Phrygian language

Phrygian language

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The Phrygian language ˈ was the Indo-European language of the Phrygia
In antiquity, Phrygia was a kingdom in the west central part of Anatolia, in what is now modern-day Turkey. The Phrygians initially lived in the southern Balkans; according to Herodotus, under the name of Bryges , changing it to Phruges after their final migration to Anatolia, via the...

ns, spoken in Asia Minor
Asia Minor
Asia Minor is a geographical location at the westernmost protrusion of Asia, also called Anatolia, and corresponds to the western two thirds of the Asian part of Turkey...

 during Classical Antiquity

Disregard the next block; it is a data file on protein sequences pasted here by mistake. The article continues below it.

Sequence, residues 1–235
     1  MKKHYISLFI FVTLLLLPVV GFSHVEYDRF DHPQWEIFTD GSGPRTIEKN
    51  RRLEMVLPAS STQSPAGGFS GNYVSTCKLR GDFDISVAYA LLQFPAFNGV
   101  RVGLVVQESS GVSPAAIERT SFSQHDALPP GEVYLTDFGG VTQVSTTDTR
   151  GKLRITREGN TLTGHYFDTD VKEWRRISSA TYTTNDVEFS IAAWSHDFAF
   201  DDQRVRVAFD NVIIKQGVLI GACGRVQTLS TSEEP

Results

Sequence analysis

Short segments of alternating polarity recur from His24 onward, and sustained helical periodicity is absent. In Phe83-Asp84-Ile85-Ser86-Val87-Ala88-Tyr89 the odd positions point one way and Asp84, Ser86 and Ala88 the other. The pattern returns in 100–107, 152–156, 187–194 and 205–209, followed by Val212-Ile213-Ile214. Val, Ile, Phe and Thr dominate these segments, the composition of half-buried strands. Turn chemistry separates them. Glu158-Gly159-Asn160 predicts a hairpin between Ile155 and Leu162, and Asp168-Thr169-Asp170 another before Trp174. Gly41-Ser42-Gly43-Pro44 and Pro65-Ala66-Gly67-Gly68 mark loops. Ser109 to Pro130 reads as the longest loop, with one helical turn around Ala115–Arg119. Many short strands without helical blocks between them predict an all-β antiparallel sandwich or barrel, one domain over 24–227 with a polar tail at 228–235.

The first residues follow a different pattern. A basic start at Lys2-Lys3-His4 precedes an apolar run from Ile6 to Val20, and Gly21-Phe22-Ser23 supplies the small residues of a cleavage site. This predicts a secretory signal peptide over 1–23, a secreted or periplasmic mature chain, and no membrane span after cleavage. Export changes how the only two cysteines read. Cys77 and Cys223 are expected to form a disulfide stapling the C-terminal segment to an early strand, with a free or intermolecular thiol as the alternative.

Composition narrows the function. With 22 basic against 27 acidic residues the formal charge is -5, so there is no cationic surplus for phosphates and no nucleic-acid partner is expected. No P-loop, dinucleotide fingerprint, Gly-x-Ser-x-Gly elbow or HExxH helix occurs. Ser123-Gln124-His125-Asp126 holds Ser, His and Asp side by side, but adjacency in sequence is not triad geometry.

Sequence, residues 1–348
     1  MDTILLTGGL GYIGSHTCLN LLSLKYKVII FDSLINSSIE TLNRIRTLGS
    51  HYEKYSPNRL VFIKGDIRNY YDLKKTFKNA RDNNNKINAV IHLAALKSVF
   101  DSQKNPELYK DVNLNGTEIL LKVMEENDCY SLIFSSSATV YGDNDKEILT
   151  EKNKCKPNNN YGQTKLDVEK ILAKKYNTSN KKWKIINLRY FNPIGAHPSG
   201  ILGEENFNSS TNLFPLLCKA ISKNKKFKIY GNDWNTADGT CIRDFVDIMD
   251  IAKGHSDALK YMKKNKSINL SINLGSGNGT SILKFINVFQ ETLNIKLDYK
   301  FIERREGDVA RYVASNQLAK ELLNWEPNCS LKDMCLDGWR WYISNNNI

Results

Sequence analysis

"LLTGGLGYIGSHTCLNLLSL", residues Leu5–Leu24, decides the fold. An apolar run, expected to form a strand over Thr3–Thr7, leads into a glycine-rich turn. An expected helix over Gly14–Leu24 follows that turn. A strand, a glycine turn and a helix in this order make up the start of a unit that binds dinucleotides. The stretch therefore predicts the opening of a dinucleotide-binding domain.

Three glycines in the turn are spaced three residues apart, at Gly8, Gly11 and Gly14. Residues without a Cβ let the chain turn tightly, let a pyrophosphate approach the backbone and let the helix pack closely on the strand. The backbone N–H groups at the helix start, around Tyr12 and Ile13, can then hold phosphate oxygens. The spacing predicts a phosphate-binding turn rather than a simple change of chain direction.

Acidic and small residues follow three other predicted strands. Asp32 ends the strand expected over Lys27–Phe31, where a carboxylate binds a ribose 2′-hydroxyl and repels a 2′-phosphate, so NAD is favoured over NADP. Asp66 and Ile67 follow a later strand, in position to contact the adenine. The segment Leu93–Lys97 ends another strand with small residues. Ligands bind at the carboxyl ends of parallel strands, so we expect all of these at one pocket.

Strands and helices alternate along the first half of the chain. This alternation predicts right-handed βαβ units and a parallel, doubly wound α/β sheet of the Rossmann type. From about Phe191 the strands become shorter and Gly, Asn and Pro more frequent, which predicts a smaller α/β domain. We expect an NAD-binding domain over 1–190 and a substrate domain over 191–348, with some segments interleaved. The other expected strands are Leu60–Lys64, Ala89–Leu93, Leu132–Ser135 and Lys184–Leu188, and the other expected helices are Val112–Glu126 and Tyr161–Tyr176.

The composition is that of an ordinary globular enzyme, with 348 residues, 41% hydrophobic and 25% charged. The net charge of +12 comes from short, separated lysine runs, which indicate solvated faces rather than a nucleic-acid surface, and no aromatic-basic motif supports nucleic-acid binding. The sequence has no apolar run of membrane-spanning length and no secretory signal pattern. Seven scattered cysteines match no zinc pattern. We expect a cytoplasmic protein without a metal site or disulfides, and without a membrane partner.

Classical antiquity
Classical antiquity is a broad term for a long period of cultural history centered on the Mediterranean Sea, comprising the interlocking civilizations of ancient Greece and ancient Rome, collectively known as the Greco-Roman world...

 (ca. 8th century BC to 5th century AD).

Phrygian is considered to have been closely related to Greek
Greek language
Greek is an independent branch of the Indo-European family of languages. Native to the southern Balkans, it has the longest documented history of any Indo-European language, spanning 34 centuries of written records. Its writing system has been the Greek alphabet for the majority of its history;...

The similarity of some Phrygian words to Greek ones was observed by Plato
Plato , was a Classical Greek philosopher, mathematician, student of Socrates, writer of philosophical dialogues, and founder of the Academy in Athens, the first institution of higher learning in the Western world. Along with his mentor, Socrates, and his student, Aristotle, Plato helped to lay the...

 in his Cratylus